Neil White- Q and A

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Today, it is my pleasure to host a Q and A with Neil White. Neil usually writes crime fiction but last week published a novel called Lost in Nashville that is about a father and son who look into the life of Johnny Cash and attempt to rebuild their relationship. The novel is a fascinating read and my review will be published shortly.

Do you feel that things would have changed if what happened at Selma hadn’t happened?

Yes, except the spark would have been ignited somewhere else.

Things had been boiling for a while. Martin Luther King was a prominent figure and had nationwide support. You have to remember that Selma happened more than a year after the famous I Have A Dream speech, when he packed out the Mall in Washington and spoke from the steps of the Lincoln Memorial. Selma accelerated the demands for civil rights, that’s all, because it provided the tipping point.

Like the bus boycott in Montgomery following Rosa Parks’s refusal to move from her seat, if it hadn’t been her and at that point, it would have happened somewhere else and over something else. Rosa Parks might have been a weary seamstress when she boarded that bus, but she was also a committed protestor who had been to weekend training sessions, where she and others learned effective ways to protest. She had the fight she’d been waiting for, and there were a lot of people like her. Change was needed, and people were ready for the fight. Selma didn’t start anything, as such, but became the point where people everywhere said enough is enough.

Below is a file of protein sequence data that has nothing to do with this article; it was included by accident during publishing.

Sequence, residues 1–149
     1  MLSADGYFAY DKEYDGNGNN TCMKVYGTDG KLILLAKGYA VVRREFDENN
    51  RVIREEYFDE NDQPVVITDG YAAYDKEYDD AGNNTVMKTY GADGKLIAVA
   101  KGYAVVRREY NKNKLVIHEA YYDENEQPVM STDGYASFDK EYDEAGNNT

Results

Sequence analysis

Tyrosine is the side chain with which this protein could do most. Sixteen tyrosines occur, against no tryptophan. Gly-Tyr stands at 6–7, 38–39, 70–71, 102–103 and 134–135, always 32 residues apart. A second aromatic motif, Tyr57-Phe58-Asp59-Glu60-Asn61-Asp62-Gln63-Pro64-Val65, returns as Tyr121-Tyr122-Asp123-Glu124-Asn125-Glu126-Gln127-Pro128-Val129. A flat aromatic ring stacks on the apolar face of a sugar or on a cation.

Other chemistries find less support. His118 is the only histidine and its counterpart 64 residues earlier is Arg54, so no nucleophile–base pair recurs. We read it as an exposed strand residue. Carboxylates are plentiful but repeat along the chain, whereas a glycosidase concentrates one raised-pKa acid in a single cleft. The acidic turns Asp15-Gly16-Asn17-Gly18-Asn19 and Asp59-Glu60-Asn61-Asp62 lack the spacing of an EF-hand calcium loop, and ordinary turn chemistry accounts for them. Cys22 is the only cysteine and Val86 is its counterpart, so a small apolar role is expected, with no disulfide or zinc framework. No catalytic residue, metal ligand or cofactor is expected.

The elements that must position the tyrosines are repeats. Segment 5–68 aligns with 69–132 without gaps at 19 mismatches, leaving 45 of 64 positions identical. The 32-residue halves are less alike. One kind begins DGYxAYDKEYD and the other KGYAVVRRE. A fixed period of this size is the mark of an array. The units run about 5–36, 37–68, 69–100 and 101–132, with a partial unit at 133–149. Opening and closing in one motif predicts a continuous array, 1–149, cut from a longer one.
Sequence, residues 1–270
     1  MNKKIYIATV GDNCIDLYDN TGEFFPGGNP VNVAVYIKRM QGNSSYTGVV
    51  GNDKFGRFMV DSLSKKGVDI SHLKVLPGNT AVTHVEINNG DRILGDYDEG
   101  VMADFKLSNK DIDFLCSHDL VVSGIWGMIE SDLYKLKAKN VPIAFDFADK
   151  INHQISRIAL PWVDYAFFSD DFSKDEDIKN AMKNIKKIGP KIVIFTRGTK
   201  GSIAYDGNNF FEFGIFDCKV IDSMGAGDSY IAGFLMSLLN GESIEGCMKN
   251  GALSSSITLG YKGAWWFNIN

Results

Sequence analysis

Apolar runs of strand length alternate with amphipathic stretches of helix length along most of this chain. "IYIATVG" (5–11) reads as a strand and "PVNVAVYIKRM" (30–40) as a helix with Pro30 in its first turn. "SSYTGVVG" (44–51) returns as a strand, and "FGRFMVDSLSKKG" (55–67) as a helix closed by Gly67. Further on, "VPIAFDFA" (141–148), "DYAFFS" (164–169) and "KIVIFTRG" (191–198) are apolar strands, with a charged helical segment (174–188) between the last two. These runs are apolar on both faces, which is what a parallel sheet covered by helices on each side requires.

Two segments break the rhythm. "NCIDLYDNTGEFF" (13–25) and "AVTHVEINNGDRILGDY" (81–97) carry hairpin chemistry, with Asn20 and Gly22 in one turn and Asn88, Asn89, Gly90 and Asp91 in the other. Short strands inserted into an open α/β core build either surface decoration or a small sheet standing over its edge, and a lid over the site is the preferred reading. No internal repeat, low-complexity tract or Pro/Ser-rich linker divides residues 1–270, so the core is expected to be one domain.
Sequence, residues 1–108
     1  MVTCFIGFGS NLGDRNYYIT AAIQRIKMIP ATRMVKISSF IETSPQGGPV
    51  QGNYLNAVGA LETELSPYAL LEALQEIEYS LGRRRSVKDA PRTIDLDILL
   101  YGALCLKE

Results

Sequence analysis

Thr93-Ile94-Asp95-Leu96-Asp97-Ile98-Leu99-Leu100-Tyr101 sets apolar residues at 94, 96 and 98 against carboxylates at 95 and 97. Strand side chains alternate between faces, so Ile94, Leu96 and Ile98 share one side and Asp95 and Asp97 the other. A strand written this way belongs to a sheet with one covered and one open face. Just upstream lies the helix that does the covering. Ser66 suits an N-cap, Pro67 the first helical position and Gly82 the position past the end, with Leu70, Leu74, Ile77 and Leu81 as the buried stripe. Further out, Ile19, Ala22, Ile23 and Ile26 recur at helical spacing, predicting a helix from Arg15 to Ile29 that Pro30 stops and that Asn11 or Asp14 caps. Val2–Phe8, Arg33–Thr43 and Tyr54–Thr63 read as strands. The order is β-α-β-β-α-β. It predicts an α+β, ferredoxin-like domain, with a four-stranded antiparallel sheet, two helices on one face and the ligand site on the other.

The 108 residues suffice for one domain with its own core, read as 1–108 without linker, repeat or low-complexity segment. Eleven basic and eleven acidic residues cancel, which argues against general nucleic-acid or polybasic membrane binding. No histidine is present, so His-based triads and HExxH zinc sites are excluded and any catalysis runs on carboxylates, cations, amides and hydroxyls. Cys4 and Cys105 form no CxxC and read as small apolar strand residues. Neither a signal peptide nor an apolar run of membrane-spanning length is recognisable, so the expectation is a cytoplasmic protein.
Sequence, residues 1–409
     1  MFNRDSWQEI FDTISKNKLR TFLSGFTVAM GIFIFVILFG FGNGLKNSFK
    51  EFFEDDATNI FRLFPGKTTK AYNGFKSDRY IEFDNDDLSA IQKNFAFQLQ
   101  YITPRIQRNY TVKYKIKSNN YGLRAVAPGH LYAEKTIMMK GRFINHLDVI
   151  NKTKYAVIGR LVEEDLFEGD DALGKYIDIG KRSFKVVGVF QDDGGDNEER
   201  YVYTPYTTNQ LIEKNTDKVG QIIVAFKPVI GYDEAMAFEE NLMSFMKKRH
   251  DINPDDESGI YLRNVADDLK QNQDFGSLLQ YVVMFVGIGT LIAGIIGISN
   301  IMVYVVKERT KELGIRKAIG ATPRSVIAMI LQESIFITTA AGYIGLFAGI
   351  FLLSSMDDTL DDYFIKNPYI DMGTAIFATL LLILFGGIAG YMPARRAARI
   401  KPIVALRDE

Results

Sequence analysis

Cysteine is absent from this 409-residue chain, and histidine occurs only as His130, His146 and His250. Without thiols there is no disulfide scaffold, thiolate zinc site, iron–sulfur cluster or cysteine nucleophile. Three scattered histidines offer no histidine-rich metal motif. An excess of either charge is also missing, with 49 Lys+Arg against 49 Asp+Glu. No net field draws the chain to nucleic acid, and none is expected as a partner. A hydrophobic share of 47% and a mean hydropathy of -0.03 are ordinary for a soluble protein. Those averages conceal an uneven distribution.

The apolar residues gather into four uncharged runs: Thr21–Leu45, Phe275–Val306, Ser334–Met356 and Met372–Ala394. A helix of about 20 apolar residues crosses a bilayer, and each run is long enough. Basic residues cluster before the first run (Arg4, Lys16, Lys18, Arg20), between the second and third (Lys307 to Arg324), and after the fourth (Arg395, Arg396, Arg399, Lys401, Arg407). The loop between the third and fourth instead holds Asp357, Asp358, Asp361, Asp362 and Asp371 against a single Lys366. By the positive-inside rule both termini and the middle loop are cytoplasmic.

Before I visited the town, I was slightly apprehensive, not knowing what kind of town I would find, because the town is a symbol of racism. The famous bridge, where the march to Montgomery started and the police clubbed peaceful protestors, stood out on images as a symbol of white brutality in a very brutal Deep South. When I visited, however, it took on a different meaning, because it is presented as a symbol of hope, the marker for where the scales shifted heavily in favour of civil rights.

Selma and protest songs were big news in the 1960s, do you think that today’s media would report differently and have changes in law and the speed that information is distributed make it completely different?

Fundamentally, it would be the same.

Compare it to the Black Lives Matter movement. It is similar in tone and origin, because the events in Selma accelerated because of the killing of a black man by a white police officer. Depressing to see that fifty years on, little progress has been made. Selma may have been about voting rights, but the message was largely the same as the current movement, that black lives matter in every sense.